Light pollution poses a significant threat for sea turtle reproduction. Strong lights deter turtles from nesting on otherwise suitable beaches. On areas with moderate light pollution, emerging hatchlings are confused by the lights and cannot find the sea. Instead, they crawl into the dunes, streets, or hotels and die of dehydration, exhaustion, or predation. Those that eventually make it to the sea have used up their limited energy and are unlikely to survive.
It is easy to wonder how much light pollution is too much for sea turtles. In short, the answer is that any light pollution is too much and must be eliminated from nesting beaches if sea turtles are to escape extinction. Understanding this answer requires an overview of how light pollution affects sea turtles.
Female turtles looking for a suitable nest location are averted by strong lights before they even crawl on the beach. The beach of Makris Gialos in Lassi and Skala beach in south-east Kefalonia are subject to intense light pollution due to their attractiveness for tourism. Occasional nests that are laid there have had good incubation success rates. Their known suitability and reports from locals that those beaches hosted many more nests just a few decades ago demonstrate that light pollution is the most likely cause of low nest numbers on these beaches.
Hatchlings are even more sensitive to light pollution. On a naturally dark night, some ambient light is present and allows us to see the silhouettes of objects around us; this light comes from the stars and the refraction of light through the atmosphere. On a beach, ambient light is brighter from the direction to the sea; vegetation and the landscape behind the beach look darker because they block ambient light. This effect is stronger for hatchlings because they are limited to the horizon and cannot look upwards. Hatchlings use this cue and crawl towards the brightest direction to find the sea.
If we go to a naturally dark location and measure the sky's brightness, we will get a reading from 0.0002 lux to 0.002 lux. The same brightness is given by a 60 watt incandescent lamp when measured at distances between 2000 and 600 metres. It is obvious that the visual cues sea turtle hatchlings use to find the sea can be so easily messed up with, making it impossible to determine a practical “safety level” for light pollution. While other natural cues can also help them find the sea, too many nesting beaches are affected by light pollution levels that are hundreds or thousands of times brighter than the naturally dark night sky. Those beaches are practically a death trap for sea turtles (figure 2).
Scientists have long advocated that no artificial light should be directly or indirectly visible from a sea turtle nesting beach. This requirement is generally accepted and appears in many regulations, including some issued by Greece's Ministry of Environment. Their violation falls under the general umbrella of damage to a protected species and is punishable by law. Nevertheless, the control of light pollution is virtually non-existent; conservation groups like ourselves are left to rely on the good will of business owners to reduce light pollution with limited success.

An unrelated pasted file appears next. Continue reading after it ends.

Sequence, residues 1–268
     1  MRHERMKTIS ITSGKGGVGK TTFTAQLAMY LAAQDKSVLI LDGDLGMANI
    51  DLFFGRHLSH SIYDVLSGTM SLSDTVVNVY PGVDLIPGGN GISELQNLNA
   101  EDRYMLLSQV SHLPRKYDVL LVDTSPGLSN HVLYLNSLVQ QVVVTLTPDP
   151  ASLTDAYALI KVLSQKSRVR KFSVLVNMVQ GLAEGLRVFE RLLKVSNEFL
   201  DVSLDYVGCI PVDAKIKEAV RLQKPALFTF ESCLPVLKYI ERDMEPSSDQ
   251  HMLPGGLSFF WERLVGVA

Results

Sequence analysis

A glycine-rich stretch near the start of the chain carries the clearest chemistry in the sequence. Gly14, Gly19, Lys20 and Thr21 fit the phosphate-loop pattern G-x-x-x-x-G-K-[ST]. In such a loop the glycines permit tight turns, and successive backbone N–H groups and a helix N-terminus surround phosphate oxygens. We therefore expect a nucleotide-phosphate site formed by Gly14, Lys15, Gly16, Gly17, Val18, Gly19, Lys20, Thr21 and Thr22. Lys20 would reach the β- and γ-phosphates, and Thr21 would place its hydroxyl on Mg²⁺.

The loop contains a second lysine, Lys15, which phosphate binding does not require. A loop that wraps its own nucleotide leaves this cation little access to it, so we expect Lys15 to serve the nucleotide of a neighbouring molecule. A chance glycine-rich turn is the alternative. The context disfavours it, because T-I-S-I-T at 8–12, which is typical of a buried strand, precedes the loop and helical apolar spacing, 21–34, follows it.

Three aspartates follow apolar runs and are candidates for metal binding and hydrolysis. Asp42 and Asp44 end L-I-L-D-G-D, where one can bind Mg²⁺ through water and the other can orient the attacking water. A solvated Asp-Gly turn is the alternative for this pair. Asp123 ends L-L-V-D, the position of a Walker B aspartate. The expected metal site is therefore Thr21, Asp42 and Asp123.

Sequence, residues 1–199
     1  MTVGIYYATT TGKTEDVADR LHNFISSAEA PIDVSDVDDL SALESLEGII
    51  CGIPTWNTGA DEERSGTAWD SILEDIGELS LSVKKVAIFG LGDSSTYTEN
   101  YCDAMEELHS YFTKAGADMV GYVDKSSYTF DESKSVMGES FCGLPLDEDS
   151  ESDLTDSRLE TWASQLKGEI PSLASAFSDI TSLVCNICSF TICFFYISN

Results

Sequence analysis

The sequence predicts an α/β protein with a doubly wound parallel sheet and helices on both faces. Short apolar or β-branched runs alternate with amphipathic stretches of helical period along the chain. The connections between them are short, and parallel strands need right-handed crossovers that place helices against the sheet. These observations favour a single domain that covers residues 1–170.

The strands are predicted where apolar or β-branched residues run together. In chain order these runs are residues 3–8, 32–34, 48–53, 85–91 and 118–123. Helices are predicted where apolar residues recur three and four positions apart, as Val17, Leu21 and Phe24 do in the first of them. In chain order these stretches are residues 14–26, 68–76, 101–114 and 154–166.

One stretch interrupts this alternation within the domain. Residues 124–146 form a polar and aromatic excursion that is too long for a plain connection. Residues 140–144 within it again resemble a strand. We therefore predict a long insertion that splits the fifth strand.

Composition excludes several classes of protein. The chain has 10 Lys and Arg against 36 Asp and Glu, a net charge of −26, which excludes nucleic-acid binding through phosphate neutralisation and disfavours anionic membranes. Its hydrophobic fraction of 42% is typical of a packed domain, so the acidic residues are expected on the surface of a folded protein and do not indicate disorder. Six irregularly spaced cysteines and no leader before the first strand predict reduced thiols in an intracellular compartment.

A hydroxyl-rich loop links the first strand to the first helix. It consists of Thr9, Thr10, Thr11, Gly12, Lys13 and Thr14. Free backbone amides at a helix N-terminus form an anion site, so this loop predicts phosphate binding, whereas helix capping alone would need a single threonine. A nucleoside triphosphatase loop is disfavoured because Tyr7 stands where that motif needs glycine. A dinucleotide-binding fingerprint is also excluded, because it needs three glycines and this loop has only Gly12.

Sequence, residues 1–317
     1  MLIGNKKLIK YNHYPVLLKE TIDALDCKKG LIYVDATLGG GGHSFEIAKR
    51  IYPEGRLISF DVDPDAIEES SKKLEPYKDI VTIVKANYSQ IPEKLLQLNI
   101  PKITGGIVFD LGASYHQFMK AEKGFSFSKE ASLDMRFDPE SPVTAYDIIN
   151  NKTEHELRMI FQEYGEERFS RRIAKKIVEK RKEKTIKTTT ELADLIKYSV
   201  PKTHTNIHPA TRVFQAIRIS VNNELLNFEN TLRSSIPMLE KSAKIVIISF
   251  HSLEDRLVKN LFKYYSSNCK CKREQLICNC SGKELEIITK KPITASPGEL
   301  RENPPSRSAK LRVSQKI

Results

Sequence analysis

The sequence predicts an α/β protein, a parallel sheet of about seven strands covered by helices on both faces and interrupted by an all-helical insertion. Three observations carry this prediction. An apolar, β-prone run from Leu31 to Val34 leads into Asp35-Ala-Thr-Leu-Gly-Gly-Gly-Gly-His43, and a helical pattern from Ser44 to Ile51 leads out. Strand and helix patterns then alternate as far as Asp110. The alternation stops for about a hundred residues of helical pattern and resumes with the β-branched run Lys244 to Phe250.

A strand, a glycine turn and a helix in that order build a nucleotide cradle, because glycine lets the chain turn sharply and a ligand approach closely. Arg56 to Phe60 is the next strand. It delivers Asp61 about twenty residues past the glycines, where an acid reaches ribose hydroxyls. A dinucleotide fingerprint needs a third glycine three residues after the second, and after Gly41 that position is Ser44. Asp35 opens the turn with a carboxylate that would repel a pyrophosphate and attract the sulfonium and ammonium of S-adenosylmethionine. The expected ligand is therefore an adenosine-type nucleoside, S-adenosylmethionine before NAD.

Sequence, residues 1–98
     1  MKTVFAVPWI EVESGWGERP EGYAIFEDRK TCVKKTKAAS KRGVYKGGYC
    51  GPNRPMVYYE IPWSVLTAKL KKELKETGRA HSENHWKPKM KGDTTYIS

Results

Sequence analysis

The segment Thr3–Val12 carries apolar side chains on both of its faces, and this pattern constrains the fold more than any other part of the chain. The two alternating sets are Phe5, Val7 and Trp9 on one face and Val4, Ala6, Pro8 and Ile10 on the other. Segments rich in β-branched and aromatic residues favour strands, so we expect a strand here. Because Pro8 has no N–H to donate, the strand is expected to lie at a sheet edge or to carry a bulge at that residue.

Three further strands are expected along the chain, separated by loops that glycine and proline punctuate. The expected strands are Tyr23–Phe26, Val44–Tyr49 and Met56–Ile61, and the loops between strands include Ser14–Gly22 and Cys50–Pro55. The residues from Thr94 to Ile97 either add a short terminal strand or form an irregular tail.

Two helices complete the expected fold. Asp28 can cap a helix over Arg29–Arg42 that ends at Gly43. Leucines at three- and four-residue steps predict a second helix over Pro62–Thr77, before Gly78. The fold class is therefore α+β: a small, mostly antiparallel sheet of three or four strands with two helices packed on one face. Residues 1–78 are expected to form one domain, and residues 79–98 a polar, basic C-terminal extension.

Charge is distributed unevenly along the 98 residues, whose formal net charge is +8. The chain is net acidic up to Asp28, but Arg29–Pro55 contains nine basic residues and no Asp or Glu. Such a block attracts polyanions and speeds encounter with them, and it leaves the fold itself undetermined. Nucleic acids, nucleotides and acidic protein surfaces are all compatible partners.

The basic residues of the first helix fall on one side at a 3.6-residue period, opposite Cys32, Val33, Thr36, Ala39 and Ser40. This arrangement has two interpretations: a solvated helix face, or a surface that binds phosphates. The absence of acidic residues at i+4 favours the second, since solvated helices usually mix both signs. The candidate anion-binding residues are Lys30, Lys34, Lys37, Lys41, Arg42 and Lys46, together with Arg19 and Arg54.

This does not mean that good will cases are negligible. When Wildlife Sense began its sea turtle nest protection programme, the beaches of Ai Chelis and Ammes near Kefalonia's airport were severely light polluted (fig 3). Due to the awareness raised in the first year of the project's operation, the brightest lights were not installed in the following year and the light pollution status on those beaches was reduced from severe to moderate.
One of the barriers to the control of light pollution is a poor availability of suitable and affordable instruments for the measurement of light pollution, making wide-scale data collection difficult. Satellite images have been used to assess levels of light pollution. This method is useful for scientific assessment but cannot be used as evidence against violations.
To overcome this technical barrier, Wildlife Sense spent the last year in the design and laboratory testing of a light measurement instrument that is specifically designed to measure light levels present on sea turtle nesting beaches, including ambient light in near darkness and up to intense light pollution caused by strong spotlights. This measurement device will be used during the nesting and hatching seasons of this year to map light pollution in Kefalonia's sea turtle nesting beaches and assess how this affects their suitability for nesting and for hatchlings attempting to find the sea. This will be an invaluable tool both in the scientific assessment and the public awareness of the extent of light pollution.